Since I wrote my CFP vs CFA post and I explained that being a CFP was one of the best jobs in the world, I have received several questions about the route to follow to become a Certified Financial Planner. Some folks want to know which classes to take, others about how to build a good book of business and one of the questions that keeps coming back is “Should I start in a bank or with a revenue of 100% commissions?”.
Before I start with my thoughts on the topic, I must admit that I have never worked with a revenue of 100% commissions. I have worked with several independent advisors and brokers but I have never experienced it myself (so if you are an independent advisor and want to add your thoughts, you are welcome to do so!). And with that said, salary or commission, what is best to start with?
What I like about working for a bank is the hybrid compensation model. We have a decent base salary but our pay check can become very interesting with our year end bonus. What is nice is that I can have a few weeks where I don’t close any deals and still not have to worry about my mortgage payment and my ability to feed my family. My base income will cover for all my financial needs and my bonus will cover all the extras.
Banks are usually a good place to start with as a certified financial planner. You are given a book and learn how to deal with clients that are already “warm” to the bank. It’s easier to grow your book since you will have “free rides” when clients will just come in to invest or to take a mortgage with “their bank”.
As is the case with any other regular job, you are not your own boss. You do not own your book of clients and you can’t make your own schedule. You can’t sell what you want to sell and you have sales objectives that don’t necessarily jive with your personality. You will also have to do tasks that are not always related your functions (like opening accounts, dealing with banking transaction fees, selling Visa cards, etc.).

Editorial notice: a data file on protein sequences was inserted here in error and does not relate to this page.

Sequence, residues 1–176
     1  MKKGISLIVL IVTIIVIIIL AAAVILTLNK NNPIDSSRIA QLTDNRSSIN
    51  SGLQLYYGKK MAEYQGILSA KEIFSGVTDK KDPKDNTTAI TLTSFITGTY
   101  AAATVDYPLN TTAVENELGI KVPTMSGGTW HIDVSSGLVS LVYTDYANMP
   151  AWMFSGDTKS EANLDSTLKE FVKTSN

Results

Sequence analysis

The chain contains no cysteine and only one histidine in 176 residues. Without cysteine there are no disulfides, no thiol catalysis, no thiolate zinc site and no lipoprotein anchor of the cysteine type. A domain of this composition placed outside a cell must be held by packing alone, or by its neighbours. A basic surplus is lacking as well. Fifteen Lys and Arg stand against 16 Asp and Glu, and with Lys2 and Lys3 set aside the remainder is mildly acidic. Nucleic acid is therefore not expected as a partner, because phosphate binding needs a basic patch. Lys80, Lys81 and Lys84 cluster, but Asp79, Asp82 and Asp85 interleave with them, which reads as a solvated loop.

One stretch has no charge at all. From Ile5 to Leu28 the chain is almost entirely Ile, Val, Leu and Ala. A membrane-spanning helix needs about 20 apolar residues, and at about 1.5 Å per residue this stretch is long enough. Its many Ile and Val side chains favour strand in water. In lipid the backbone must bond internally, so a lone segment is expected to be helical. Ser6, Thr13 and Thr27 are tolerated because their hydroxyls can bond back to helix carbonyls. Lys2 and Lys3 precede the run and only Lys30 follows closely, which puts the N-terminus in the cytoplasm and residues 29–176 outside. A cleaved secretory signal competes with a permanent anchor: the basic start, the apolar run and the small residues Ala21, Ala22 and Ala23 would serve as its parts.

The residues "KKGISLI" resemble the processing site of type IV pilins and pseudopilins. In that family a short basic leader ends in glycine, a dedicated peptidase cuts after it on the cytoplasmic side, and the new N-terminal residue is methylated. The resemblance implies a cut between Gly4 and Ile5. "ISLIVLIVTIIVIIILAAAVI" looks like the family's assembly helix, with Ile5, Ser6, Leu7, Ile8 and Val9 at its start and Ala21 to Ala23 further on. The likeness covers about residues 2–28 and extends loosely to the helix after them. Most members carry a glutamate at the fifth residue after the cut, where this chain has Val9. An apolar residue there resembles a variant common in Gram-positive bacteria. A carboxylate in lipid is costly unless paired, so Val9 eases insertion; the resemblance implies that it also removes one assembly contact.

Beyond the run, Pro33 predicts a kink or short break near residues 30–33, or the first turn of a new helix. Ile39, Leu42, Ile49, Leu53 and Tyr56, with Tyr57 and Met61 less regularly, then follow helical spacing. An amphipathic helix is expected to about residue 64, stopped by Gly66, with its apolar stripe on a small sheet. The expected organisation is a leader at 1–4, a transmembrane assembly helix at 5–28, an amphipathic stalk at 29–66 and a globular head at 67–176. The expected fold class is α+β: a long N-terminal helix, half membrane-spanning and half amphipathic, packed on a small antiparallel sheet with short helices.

The last downside of working as a CFP in a bank is probably the potential for salary increases. You rapidly reach their highest bracket and you are sitting on it until you get a promotion for another type of job. While you have a pretty good salary, you can’t dream of making more than 150K with most banks.
Sky is the limit in terms of income ;-). I have met several people making more than 500K/year. In addition to that, once you have built your portfolio of clients, you benefit from a steady flow of income in trailer fees every year. Therefore, there are advisors making 50K-100k per year just by waking up in the morning.
You are also your own boss. This means two awesome things: #1 you make your own schedule and nobody is watching you. #2 you can deduct tons of expenses before you pay income taxes ;-).
You usually have a coach or director that will teach you how “real life” works. I think you have the opportunity to learn a lot faster since you are on your own and you need to make a lot of mistakes to succeed.
Now that I have hyped it up, I will drag you down to earth; 100% commission based CFP is a very hard job. The turnover for new advisors is 80% in their first year. The average income after a year is 24K. And I won’t tell you how many hours, nights and weekends you need to do in order to make 30K the first year! The sad truth is that it’s not made for everybody.
People don’t like to be followed and asked to explain their results. On the other hand, most people don’t do much if they are not required to it by their supervisor. If you are not highly self-driven, forget about being on 100% commission.
Since you don’t have a book of clients, you have to build it. It is ten times harder to get an appointment and close a deal when the person doesn’t even know you exist.
One last killer of being on a commission basis is that your income is not stable. Therefore, when you have a good month, it’s not time to celebrate but time to put money aside and make sure it is available for the bad months.
I think people are made to do either one of them (and sometimes both!). Fear would be the #1 factor why top salaried performers don’t make the jump and procrastination would be the #1 factor for 100% commission CFP who don’t make the cut.
I have made a chart with the comparison of pros and cons of both type of CFP positions. Don’t hesitate to contact me if you have any other questions about the best job of the world ;-).
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